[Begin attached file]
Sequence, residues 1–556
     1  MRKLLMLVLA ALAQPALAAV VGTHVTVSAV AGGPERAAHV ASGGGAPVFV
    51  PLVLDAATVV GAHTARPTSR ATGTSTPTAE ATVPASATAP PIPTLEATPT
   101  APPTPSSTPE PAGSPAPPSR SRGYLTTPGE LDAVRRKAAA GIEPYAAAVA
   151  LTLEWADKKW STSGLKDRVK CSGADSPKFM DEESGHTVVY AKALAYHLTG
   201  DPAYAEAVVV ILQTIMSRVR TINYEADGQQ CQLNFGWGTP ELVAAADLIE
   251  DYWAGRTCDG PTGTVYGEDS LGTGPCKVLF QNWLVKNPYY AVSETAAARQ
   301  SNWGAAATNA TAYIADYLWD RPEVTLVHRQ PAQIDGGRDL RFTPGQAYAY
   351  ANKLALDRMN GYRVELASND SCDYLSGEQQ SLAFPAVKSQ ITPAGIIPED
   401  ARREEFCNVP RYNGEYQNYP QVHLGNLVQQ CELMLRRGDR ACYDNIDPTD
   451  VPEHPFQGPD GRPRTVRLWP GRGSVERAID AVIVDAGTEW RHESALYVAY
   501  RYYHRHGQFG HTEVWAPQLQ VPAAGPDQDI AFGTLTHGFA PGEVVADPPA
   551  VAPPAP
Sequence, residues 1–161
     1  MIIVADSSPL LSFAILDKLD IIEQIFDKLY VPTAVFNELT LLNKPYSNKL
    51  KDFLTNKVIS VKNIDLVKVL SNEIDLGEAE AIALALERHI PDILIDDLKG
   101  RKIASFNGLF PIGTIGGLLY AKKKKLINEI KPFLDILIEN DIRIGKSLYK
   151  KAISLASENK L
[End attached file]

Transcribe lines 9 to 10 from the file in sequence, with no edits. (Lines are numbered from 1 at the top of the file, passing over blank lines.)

   351  ANKLALDRMN GYRVELASND SCDYLSGEQQ SLAFPAVKSQ ITPAGIIPED
   401  ARREEFCNVP RYNGEYQNYP QVHLGNLVQQ CELMLRRGDR ACYDNIDPTD